Where to Buy Brew Britannia

Although we understand Brew Britannia is now out of print there are still various ways and places to get hold of a copy if you want to give it to someone this Christmas.

  1. Amazon UK is sold out but, if you insist on buying from there, there are several third-party sellers with brand new copies at reasonable prices.
  2. Amazon US has it in stock and delivers (we think) worldwide — certainly to the UK, anyway, fairly promptly.
  3. Other online bookstores such as Waterstones, Book Depository, Foyles and Books Please are offering it ready to dispatch with in a day or two.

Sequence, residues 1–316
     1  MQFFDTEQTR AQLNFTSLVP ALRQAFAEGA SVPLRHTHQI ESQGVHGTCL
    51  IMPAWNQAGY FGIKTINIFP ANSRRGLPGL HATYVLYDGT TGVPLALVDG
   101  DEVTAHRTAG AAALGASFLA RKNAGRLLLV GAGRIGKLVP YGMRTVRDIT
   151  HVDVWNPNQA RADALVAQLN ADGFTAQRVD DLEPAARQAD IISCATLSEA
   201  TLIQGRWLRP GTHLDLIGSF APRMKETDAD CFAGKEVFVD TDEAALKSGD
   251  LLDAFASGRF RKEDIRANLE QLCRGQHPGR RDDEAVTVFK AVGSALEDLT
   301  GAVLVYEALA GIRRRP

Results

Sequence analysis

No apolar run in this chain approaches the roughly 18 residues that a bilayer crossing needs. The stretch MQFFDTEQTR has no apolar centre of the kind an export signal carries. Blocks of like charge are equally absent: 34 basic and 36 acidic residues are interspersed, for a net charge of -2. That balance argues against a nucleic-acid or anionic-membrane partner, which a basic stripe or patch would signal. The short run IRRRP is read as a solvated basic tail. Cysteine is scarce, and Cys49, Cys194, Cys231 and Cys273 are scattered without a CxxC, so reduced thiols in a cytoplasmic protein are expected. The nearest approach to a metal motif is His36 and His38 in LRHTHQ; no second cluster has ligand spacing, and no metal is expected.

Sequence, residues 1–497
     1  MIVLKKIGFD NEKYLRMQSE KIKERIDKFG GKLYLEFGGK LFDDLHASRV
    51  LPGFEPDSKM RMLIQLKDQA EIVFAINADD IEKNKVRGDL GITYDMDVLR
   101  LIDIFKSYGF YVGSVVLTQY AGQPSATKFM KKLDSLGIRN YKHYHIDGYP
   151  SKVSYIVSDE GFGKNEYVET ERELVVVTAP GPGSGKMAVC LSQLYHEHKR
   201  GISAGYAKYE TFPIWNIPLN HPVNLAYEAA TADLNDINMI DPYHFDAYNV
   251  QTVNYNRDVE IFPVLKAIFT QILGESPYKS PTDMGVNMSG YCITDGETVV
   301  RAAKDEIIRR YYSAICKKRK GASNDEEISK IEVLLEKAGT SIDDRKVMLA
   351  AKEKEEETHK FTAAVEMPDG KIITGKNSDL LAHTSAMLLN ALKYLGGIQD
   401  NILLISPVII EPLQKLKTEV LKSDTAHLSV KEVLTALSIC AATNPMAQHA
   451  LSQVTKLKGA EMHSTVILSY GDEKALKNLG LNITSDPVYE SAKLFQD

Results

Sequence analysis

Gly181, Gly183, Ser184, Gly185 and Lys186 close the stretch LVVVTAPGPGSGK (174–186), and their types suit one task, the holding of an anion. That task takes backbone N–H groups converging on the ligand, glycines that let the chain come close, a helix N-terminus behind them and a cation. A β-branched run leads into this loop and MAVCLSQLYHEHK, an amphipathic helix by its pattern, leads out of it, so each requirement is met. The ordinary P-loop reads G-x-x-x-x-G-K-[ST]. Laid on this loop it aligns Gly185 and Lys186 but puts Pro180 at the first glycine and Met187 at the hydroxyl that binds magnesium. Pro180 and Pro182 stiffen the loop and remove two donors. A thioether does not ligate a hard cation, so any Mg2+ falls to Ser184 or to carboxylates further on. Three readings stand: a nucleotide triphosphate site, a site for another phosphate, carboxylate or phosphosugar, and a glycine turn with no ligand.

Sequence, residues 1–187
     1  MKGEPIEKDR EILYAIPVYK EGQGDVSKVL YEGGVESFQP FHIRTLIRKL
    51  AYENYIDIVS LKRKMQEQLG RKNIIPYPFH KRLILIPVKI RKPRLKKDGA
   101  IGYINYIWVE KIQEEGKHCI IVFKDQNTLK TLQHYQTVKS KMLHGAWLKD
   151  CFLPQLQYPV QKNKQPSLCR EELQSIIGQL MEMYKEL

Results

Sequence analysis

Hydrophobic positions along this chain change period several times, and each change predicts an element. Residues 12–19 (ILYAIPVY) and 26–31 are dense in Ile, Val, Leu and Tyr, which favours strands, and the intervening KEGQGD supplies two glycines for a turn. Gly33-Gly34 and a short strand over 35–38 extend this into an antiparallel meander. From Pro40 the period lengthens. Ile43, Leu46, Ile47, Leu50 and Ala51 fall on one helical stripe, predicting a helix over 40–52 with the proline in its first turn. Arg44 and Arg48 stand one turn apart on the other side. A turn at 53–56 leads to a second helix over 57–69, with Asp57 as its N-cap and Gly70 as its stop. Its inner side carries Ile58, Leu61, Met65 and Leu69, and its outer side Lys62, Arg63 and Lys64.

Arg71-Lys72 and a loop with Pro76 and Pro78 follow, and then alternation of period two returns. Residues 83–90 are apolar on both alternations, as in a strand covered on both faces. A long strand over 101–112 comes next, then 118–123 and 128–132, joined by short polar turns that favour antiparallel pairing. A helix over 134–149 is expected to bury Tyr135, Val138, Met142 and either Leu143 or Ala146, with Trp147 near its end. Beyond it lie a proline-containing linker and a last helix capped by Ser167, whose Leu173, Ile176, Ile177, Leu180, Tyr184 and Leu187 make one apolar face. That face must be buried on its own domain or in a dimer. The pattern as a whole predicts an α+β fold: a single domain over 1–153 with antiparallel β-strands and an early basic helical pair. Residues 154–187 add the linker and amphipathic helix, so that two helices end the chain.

4. Specialists Beer Inn Print is offering it along with a huge selection of other beer- and pub-related books — well worth a browse.
  5. If you want a signed copy then we have a few at hand which we’re selling at £12.99 including postage within the mainland UK — drop us an email via contact@boakandbailey.com to discuss dedications and details.
  6. We know that there are also a few copies out and about in small independent book and beer shops — check your local before you order online.

Remember to tell the lucky recipient about the errata (or, as we call it, the List of Burning Shame) and the (also award-winning) follow-up supplement ‘The Good, the Bad and the Murky’.

And if if you still need convincing here are links to a bunch of reviews and whatnot.

News, Nuggets & Longreads: Bumper Xmas 2015 Issue

Killing time between meals, relatives, TV events, church services or whatever, here you are scrolling about on your phone or tablet looking for something to read. Well, thanks to the magic of scheduled posts, we’ve got you covered.